HILLSBOROUGH — The tracks already run through Hillsborough. People just want the train to stop.
A group of citizens interested in bringing passenger rail back to Hillsborough met Monday with representatives from the N.C. Railroad Co. to discuss a potential commuter rail line.
The N.C. Railroad operates a busy freight corridor running 317 miles from Morehead City to Charlotte. Amtrak uses part of the line. Passenger trains haven't stopped in Hillsborough since 1964.
Now, the railroad is considering adding a commuter line between Goldsboro and Greensboro on the existing tracks, Public Affairs Director Kat Christian said. A commuter line most likely would run four trains each morning, one at midday, and another at the evening rush hour.
The N.C. Railroad, a privately run company owned by the state, has hired engineering firm HNTB to do a feasibility study. The study is expected to be released in June.
If the commuter rail were to be built, there would be a stop at an as-yet-undetermined location in the Hillsborough area, HNTB engineer James Kessler said.
"People are getting excited about the possibility," said Elizabeth Read, interim director of the Alliance for Historic Hillsborough.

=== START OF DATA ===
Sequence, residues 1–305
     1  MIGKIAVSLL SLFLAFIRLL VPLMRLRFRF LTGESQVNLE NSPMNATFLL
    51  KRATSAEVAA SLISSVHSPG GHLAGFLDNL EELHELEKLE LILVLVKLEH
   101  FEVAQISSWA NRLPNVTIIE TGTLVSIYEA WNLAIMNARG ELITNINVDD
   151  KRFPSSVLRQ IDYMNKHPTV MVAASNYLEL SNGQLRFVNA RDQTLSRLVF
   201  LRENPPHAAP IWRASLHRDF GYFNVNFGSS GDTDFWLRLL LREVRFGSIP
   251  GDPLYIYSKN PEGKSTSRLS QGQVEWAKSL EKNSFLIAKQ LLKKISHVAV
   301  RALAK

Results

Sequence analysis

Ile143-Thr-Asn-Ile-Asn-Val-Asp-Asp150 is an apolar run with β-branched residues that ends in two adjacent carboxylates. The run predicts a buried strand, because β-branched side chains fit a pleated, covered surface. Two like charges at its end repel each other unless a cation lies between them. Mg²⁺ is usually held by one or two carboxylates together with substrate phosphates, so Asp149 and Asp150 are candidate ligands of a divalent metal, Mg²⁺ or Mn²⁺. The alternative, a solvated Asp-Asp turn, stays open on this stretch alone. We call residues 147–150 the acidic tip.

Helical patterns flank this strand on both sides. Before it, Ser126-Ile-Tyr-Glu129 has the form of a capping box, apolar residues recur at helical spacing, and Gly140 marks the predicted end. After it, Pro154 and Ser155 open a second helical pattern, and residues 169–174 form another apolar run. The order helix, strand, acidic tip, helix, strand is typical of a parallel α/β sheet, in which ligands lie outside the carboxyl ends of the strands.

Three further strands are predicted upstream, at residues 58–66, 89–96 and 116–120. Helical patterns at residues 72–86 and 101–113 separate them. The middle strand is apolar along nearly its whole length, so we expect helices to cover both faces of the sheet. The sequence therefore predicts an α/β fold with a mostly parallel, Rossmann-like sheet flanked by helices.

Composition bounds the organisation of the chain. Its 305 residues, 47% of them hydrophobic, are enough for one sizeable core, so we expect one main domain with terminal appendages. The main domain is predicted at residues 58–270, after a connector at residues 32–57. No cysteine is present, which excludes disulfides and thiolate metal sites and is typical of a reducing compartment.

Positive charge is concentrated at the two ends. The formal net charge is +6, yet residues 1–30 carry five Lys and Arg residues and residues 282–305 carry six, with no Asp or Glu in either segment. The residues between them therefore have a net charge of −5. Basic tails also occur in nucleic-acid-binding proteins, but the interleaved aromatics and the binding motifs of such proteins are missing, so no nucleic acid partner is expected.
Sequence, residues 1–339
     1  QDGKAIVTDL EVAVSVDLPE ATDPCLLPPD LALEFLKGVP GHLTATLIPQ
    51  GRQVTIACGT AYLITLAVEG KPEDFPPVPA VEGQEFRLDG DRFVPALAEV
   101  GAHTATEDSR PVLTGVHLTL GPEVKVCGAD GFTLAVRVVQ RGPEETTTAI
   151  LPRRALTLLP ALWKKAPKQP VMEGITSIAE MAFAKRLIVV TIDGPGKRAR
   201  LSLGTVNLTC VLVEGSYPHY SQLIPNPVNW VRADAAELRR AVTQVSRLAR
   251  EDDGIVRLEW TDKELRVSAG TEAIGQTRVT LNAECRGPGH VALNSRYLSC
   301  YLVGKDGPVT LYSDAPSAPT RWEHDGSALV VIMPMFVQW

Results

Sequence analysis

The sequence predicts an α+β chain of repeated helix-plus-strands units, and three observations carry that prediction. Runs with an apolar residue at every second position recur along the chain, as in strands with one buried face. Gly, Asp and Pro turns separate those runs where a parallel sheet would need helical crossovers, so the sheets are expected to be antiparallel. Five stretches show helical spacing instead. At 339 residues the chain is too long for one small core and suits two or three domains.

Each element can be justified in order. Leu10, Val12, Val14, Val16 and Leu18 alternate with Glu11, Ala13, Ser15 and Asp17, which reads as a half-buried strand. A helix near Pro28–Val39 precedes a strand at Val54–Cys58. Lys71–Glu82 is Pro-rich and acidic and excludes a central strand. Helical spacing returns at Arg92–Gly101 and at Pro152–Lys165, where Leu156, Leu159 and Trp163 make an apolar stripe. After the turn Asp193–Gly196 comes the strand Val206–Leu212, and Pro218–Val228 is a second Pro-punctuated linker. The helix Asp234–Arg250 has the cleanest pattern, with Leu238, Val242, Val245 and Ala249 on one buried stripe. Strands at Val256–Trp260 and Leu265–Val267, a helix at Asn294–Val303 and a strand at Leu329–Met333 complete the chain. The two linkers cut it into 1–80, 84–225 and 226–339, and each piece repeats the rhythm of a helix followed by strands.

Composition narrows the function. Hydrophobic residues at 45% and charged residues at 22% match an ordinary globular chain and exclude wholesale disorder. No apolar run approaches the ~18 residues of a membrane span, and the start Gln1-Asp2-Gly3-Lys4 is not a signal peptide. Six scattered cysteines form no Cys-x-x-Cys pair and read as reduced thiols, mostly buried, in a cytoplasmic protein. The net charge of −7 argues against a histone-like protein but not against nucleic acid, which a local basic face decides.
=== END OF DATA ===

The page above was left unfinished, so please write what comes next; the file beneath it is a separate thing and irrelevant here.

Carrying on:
Read sees a commuter railway as a potential boon for Hillsborough tourism, bringing sightseers into downtown for an afternoon of shopping and dining.
The governments of Hillsborough, Chapel Hill and Carrboro have all passed resolutions in support of passenger rail, and approximately 700 people have signed a petition in favor of a train stop, supporter Art Mines says.
Mines, a pediatric audiologist, works four days a week in Greensboro. He said he often drives to the train station in Burlington and takes the train the rest of the way.
"It's so comfortable, it's cushy," he said. "It just really takes the edge off all that driving."
There's plenty of local interest in commuter rail, Mine said, especially as environmental concerns grow. About 30 people attended the meeting Monday morning.
"This is the first time ... we've gotten real interest and response [from railroad officials]," said Thomas Campanella, a professor of urban planning at UNC-Chapel Hill and a member of the Hillsborough Planning Board.
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